Ice Cream Varieties and Other Frozen Desserts
There's no denying that frozen desserts are a popular and well-loved treat: Supermarket freezer sections have dedicated more and more valuable space to these concoctions over the years due to consumer demand. Everything from the standard vanilla ice cream to rainbow sherbets to Italian ice and freezer pops are purchased every day in mass quantities.
While these store-bought options are certainly convenient, they simply pale in comparison to the quality of home-produced alternatives that can be made from the freshest ingredients with no added chemicals. Not only will these homemade versions be healthier, they will also taste vastly better than store-bought ice cream.
Many ice cream recipes are easily tweaked, so feel free to use your creativity to make your own recipes. Try using whatever you have available, or experiment with new flavor combinations. For example, a basic vanilla recipe is wonderful on its own but welcomes mix-ins such as chocolate syrup, butterscotch, fresh fruits and jams, and chopped candy bars. For best results, add these ingredients toward the end of churning.
There is no one definition of or recipe for ice cream. However, ice cream typically contains cream (hence, ice cream). From there, there are basically two directions to take: French style, which is egg- or custard-based, and Philadelphia (or American) style ice cream. French style is often considered smoother, thanks to the yolks used to create the creamy custard base, though it is more complicated to make. Philadelphia style tends to be firmer in texture and lighter in taste, but is a lot easier and faster to produce. Both are wonderful in their own way.
You will be hard pressed to find two authorities who agree on a single, true definition of gelato. Some experts believe gelato should contain eggs, while others strongly disagree. What can be confirmed about gelato is the airiness. Gelato incorporates less air than ice cream, creating denser, more flavorful results. Standard ice cream machines can create gelato by simply turning off the machine when the ingredients are just frozen, incorporating less air than if it were left to continue the churning process.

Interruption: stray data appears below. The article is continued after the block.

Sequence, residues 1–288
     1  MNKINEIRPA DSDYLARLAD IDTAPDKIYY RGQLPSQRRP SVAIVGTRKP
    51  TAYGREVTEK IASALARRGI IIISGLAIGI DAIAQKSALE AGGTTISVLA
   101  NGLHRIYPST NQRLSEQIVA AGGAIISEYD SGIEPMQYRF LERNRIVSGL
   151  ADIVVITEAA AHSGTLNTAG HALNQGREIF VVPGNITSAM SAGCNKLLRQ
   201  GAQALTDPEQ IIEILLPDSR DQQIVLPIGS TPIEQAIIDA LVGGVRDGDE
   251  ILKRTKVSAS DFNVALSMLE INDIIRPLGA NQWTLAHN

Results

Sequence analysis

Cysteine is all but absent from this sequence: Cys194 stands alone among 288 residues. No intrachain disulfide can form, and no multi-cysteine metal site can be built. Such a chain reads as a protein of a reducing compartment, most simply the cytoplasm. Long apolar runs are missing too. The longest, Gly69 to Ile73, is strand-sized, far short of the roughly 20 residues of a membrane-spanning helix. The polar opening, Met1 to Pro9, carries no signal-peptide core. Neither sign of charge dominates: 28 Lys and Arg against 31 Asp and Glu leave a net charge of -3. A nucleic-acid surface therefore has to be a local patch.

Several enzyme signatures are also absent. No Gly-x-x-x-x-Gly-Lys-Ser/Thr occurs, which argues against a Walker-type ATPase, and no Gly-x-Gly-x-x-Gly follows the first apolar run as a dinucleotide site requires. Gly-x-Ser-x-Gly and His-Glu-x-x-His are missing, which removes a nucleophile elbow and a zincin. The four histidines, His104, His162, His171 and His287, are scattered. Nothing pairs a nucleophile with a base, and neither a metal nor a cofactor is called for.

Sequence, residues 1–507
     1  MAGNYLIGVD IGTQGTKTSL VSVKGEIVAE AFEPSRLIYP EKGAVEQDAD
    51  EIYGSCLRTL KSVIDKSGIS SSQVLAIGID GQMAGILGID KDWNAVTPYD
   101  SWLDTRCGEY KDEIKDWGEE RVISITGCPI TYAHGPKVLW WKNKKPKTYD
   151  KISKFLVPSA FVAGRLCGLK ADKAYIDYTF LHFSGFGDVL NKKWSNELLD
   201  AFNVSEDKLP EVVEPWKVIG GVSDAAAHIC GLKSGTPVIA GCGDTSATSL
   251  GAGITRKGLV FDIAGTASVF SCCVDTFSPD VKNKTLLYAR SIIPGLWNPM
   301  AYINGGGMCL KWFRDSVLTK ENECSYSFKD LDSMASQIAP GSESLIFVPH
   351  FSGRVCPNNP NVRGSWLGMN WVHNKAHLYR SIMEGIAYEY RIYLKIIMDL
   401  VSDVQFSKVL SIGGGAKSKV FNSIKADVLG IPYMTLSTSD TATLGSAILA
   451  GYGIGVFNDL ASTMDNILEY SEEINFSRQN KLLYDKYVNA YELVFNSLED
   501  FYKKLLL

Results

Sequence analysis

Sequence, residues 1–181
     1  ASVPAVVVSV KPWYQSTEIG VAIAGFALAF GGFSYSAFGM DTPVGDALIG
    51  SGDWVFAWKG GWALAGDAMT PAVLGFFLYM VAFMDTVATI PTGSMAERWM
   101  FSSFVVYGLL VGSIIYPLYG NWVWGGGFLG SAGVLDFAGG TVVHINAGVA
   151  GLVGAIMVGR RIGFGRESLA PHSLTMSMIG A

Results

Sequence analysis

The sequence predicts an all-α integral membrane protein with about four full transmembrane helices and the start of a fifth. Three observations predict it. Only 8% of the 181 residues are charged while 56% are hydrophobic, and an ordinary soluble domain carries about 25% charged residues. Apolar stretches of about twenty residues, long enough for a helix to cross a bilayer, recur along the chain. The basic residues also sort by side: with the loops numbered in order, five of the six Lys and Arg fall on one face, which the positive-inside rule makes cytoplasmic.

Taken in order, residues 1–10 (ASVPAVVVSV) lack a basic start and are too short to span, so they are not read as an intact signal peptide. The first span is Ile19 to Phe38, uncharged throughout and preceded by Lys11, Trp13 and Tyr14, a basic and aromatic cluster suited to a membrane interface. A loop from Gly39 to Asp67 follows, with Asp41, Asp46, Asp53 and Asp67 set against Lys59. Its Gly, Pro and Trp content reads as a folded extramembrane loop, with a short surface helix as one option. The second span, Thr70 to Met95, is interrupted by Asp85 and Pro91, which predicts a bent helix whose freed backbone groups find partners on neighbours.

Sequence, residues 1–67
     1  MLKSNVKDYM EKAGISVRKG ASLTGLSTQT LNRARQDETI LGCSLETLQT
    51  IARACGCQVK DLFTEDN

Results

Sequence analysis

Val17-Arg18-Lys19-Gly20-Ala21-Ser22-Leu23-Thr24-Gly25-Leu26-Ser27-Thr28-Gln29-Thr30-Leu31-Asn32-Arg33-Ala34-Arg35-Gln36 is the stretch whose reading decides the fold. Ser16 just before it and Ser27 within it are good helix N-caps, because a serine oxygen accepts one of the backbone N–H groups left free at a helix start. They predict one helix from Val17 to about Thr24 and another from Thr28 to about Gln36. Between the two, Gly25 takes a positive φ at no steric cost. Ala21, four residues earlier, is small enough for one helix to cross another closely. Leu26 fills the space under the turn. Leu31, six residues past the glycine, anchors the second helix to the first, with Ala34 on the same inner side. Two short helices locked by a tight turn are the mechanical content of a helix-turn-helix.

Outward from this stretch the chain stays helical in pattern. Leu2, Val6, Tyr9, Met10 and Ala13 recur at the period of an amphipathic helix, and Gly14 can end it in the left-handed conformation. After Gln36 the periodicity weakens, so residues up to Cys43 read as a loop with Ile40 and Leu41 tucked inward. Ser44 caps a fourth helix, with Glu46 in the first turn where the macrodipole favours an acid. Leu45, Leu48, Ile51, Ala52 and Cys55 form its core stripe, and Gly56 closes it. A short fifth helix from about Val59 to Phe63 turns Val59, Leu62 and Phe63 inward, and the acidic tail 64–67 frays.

Sorbets contain very few ingredients and are primarily composed of fruit and sugar or syrup. Typically, sorbets do not include any dairy, though this isn't a hard and fast rule. After granita, sorbets typically include the fewest ingredients, and are incredibly simple to produce. You will find that removing sorbet from the freezer 8–10 minutes before serving aids in scooping, as sorbets freeze harder than ice creams or gelato do, due to the fact that they contain no fatty ingredients.
Sherbets are similar to sorbets in that they contain few ingredients. The difference? Sherbets tend to contain milk or cream. Fresh, ripe fruits are the stars here, and it's as simple as puréeing all ingredients together in a blender or food processor and freezing in an ice cream machine. Like sorbet, it is a good idea to remove sherbet from the freezer a few minutes before serving for best results.
Frozen delights composed of—you guessed it—yogurt. Cream and/or milk are also common ingredients in this variety of dessert. Both Greek yogurt and standard yogurts are excellent bases and can be used interchangeably if desired. In a pinch, or as an added twist, sour cream can be substituted for part (or all, if desired) of the yogurt for either variety. This will of course result in a more sour end product, but is quite refreshing when paired with a variety of fruits, such as blueberries.
Granitas are frozen juices scraped into crystals. Granita is also commonly labeled as Italian Ice. Found in almost every country, these ices most closely resemble the original frozen desserts, when snow was mixed in with fruit juices as refreshing desserts and drinks. The wonderful thing about granita is that it is a snap to make, and requires nothing more than a fork and a freezer to obtain quality results.